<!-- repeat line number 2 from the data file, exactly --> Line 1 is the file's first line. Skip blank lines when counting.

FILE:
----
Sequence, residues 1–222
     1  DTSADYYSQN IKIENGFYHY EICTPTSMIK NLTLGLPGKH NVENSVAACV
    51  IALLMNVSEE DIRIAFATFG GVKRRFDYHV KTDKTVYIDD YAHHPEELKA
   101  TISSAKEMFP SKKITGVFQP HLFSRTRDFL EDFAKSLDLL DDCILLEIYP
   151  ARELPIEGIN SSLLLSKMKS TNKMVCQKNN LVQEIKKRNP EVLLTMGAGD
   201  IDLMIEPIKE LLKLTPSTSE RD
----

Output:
     1  DTSADYYSQN IKIENGFYHY EICTPTSMIK NLTLGLPGKH NVENSVAACV